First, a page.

May 10, 2019
Providing treatment options for high-risk patients
Atlantis, Fl — The distinguished team of heart and vascular experts at JFK Medical Center recently became the first in the state of Florida to perform a new and innovative technique that prevents coronary artery obstruction during transcatheter aortic valve replacement (TAVR), a rare but often fatal complication. The procedure is called, Bioprosthetic Aortic Scallop Intentional Laceration to prevent Iatrogenic Coronary Artery obstruction (BASILICA).
Approximately 5 million people in the U.S. are diagnosed with heart valve disease each year and more than 20,000 die. Many seeking treatment are not candidates for traditional open heart surgery due to their age and frailty. For these patients, TAVR offers an effective and less invasive lifesaving alternative. During a TAVR procedure, doctors place a flexible tube, or catheter, inside the heart and use a balloon to open a new valve inside the existing aortic valve. However, in some patients with a particular heart anatomy, the native valve’s leaflets block the flow of blood to the coronary arteries as the new valve’s scaffolding opens. This complication can be fatal unless corrected and is prevented during traditional open heart surgery by cutting away the native valve itself.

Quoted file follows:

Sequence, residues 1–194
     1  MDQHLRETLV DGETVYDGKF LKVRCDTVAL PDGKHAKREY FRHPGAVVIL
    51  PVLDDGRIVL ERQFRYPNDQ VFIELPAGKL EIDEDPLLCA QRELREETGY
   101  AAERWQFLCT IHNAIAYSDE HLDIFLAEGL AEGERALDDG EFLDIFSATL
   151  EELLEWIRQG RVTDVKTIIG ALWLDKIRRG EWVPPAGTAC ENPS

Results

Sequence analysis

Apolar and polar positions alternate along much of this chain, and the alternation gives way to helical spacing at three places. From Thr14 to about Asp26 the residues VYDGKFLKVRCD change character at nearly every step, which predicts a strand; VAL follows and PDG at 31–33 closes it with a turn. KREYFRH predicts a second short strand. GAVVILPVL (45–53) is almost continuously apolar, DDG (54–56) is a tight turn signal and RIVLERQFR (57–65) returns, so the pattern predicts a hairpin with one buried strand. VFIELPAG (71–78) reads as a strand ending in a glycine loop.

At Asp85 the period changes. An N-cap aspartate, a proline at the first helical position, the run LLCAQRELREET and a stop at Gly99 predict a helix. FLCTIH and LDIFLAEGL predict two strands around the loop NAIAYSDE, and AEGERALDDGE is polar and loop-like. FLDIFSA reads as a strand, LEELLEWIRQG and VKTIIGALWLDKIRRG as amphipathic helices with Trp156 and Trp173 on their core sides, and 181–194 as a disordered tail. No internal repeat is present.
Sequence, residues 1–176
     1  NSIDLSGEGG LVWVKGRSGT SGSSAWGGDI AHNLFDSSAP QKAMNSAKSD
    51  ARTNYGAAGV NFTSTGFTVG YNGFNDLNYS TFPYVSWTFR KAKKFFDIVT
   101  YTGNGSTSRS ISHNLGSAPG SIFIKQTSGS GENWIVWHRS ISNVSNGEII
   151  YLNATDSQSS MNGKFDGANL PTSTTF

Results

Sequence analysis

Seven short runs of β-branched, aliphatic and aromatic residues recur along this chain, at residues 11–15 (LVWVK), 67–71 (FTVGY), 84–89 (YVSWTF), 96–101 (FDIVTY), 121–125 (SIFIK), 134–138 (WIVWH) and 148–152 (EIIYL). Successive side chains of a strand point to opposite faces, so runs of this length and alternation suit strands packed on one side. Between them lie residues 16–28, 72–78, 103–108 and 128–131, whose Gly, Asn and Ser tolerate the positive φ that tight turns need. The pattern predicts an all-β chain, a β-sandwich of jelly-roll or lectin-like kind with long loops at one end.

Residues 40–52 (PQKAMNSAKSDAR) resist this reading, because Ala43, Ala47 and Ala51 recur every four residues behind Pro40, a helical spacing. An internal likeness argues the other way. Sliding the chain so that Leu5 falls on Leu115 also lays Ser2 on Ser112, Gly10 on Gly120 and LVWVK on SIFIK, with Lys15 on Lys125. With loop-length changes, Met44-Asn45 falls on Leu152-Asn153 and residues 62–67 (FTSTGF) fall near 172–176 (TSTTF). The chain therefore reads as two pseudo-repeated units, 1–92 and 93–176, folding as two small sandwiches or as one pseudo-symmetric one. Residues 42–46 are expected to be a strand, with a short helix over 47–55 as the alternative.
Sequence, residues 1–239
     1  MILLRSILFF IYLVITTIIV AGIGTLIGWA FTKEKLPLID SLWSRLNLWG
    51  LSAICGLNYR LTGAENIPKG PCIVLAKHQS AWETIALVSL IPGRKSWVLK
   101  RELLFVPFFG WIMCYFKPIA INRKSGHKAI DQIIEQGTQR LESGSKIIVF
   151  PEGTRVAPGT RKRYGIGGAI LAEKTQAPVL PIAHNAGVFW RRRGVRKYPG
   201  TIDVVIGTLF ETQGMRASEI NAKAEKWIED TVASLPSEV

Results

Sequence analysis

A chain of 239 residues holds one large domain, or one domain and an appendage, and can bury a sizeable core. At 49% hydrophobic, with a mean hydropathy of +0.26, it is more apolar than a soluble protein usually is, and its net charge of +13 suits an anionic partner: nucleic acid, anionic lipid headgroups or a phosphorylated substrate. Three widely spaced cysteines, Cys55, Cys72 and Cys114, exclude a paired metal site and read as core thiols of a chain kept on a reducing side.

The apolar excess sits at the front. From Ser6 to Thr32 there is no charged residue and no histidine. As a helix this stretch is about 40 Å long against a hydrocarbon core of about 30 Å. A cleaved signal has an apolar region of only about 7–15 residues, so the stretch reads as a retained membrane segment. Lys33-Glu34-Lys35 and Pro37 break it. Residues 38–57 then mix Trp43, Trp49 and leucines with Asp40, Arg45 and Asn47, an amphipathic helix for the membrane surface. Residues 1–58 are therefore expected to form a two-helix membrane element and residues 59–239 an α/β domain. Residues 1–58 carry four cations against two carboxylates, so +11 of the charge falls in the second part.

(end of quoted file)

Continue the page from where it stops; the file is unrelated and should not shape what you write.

The BASILICA procedure solves this issue during TAVR. The cardiologist weaves an electrified wire the size of a sewing thread through a catheter and uses it to slice the patient’s native aortic leaflet. This prevents the flap from blocking critical blood flow through the heart when the doctor deploys the new valve.
“We are thrilled to be able to offer this to our patients who have been told they are out of options,” said Marcos Nores, MD, Medical Director of the JFK Heart and Vascular Institute.
For over thirty years, JFK Medical Center has been providing cutting-edge cardiovascular services to the community. JFK was a pioneer of the TAVR procedure in 2012 and has since performed over 1,200. Similar to TAVR, BASILICA offers hope to those high risk patients, transforming treatment options and effectively saving and extending their lives.